Recently I've attended a small security-related workshop which proved to be particularly interesting as it touched a particular area: security for NGOs.
ONG are an interesting case because they can face some particular challenges:
- limited budget that is allocated towards their particular activities => investment in security infrastructure and procedures tend to be low to non-existent, at the same time it means it's difficult to guarantee access to security professionals for setting up and maintaining even medium-grade security. Given the latter, changing security personnel also means getting help from people with different approaches when complete overhauls may come with their own risks.
- NGO activities tend to be disruptive to social status quo => there are always interested parties that look forward to penetrating networks in order to access sensitive documents
- volunteering cycles => meaning that people tend to come and go at an accelerated pace with the implication that time can't always be dedicated to properly ensure differentiated access, training into security procedures won't be a priority
These challenges mean that security won't be tackled in the same way corporations do it even though NGOs may be facing similar threat levels. Complex security setups like firewall restrictions may even prove detrimental to activity and the way people are used to do things.
The easiest step to take would to move the infrastructure into a cloud. One of the cheapest solutions (basically free) would be Google's offer for NGO which comprises of hosting of mail, Google Docs, Drive storage, infrastructure for direct donations, free Google Ads credits for promoting NGO activities as well as Google Earth Outreach programme. In most countries, your NGO must first signup for the Techsoup Global Programme, which certifies your organization as a valid recipient for tech donations.
In case moving to a cloud isn't an option, there are some minimum-level recommendations that can help:
- using hardware encryption: software encryption is great, but hardware encryption means that you can buy a flash drive or a NAS, plug it in and everything you use will be stored in an encrypted form. Sure, if your legitimate means of access is compromised, your data can still be accessed, but a direct hack or stolen hardware won't compromised the data.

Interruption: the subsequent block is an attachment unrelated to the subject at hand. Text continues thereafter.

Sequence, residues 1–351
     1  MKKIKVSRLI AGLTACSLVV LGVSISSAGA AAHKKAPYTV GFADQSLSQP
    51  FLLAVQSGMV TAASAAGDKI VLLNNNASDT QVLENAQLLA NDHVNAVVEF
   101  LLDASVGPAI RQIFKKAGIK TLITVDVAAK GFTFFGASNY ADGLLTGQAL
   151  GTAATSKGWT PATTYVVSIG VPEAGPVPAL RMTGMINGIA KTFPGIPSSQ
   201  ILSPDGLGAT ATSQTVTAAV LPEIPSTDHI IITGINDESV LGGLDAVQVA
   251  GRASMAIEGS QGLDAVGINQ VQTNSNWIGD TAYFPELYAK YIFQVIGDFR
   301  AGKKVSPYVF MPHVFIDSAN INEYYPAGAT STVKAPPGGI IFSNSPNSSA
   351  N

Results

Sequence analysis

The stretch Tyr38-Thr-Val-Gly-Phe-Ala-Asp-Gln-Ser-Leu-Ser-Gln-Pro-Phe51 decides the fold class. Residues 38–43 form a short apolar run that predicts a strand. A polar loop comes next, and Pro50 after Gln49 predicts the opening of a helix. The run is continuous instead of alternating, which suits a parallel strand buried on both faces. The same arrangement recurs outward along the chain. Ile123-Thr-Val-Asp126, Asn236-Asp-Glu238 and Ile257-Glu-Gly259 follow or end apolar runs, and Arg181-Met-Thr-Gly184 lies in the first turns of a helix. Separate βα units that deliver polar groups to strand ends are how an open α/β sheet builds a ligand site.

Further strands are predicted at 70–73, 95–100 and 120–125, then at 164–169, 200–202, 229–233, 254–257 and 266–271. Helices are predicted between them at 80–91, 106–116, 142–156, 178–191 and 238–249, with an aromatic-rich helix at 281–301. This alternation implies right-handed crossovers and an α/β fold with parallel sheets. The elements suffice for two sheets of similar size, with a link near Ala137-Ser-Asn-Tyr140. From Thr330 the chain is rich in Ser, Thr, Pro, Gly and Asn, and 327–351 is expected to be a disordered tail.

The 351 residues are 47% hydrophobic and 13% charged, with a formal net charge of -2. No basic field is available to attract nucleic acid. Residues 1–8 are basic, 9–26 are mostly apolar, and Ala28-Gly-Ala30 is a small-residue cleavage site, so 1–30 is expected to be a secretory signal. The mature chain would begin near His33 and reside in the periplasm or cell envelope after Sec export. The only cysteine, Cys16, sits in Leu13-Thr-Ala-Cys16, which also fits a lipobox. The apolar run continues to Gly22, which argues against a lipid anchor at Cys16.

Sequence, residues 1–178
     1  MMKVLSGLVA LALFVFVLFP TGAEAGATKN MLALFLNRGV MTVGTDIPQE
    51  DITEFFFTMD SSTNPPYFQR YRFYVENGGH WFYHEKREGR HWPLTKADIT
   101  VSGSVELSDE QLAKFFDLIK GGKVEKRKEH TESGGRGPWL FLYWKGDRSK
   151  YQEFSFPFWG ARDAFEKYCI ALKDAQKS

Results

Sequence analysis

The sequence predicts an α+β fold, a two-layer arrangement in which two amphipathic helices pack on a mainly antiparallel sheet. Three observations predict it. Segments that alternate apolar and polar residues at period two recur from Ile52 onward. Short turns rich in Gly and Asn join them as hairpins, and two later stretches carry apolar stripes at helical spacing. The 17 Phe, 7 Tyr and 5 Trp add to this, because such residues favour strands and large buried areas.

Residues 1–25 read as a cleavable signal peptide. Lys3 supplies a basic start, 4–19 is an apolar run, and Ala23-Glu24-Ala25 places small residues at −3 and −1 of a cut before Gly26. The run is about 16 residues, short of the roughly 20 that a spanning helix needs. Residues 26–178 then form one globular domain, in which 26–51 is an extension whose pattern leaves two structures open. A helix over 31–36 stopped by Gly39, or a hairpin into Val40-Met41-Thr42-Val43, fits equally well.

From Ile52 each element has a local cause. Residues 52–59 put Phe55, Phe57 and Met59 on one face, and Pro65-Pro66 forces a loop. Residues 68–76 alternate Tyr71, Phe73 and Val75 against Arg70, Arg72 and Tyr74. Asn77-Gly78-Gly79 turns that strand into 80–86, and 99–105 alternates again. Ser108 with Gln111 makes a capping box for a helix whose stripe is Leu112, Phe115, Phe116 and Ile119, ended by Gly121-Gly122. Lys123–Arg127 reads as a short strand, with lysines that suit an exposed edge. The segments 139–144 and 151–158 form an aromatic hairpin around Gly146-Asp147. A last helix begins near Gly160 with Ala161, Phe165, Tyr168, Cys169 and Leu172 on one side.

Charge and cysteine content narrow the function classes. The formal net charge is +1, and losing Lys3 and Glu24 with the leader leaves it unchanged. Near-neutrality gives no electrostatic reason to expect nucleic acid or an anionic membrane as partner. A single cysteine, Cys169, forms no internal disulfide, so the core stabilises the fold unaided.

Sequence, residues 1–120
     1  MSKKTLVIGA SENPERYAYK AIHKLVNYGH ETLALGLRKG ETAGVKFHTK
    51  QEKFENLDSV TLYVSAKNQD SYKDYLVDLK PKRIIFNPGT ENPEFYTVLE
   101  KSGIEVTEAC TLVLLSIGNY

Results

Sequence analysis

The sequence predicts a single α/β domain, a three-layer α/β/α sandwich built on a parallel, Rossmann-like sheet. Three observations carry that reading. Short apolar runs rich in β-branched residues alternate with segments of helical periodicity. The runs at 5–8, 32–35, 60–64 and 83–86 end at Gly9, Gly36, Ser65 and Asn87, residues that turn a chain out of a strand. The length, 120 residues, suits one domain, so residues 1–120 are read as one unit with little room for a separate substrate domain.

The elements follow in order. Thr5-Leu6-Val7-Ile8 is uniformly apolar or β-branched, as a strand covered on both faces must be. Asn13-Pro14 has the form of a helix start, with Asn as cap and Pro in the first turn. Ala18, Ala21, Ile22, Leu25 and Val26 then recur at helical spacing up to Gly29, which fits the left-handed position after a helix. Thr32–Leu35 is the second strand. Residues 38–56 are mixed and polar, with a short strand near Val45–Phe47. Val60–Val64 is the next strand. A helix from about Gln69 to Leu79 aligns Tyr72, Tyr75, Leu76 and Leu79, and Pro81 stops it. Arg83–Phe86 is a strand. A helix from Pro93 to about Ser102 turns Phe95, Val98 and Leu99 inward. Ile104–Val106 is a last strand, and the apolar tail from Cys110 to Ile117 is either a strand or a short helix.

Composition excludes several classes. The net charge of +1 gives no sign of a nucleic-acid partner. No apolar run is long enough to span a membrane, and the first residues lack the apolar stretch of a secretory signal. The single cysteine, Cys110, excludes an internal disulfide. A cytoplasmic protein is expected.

- VPN access: using VPN access for your remote collaborators means that you don't need to expose your internal services directly, your communications are reasonably secure and your collaborators can still access local network resources when away. Rights setup, encryption keys, etc ensure that if one collaborator's system is compromised then access can be restricted with minimal effort.
- use Linux & open source software: the Linux community is huge and you will always find people ready to assist directly be it day or night. Linux desktop systems (like Mint or Ubuntu) are much friendlier nowadays while Office suits such as LibreOffice were created with ONG use in mind and are completely Microsoft compatible. Many Western NGOs make this point one of integrity as to not be dependent on corporate software.
- use ready-made NAS storage: nowadays NAS (network attached storage) unit as fairly cheap, come with backup functionality built-in and are aimed at non-technical organisations. They have security functionality built in and most can be used for anything: plain & simple storage, media servers (ready to play sound and video to any device, even mobile), VPN servers, web servers, databases, document and archive storage complete with applications. They are truly cost-saving angels, complete with community support. When having collaborators abroad they can serve as collaboration tools with shared workspaces regardless of geographical location, all under your control. Also, they can be setup with encryption, so in a way they can round-up all the above points.
- use UPS: uninterruptible power supplies can protect your infrastructure against power outages and keep your network running. Aside from simply having access, another important security problem they solve are resets. Power surges can completely reset things such as NAS units or routers, removing their security settings and reverting them to defaults. Being able to do a friendly shutdown can be a welcome bonus to having some extra uptime.
- convention over configuration: often having your collaborators respecting access protocols (don't touch that email promising money from Nigerian princes!!) can be more important, since people using access shortcuts may find ways to circumvent protocols.
These are only a few basic points, since a detailed breakdown of low-cost security can take quite some time to describe - the above should prove to be a good starting point.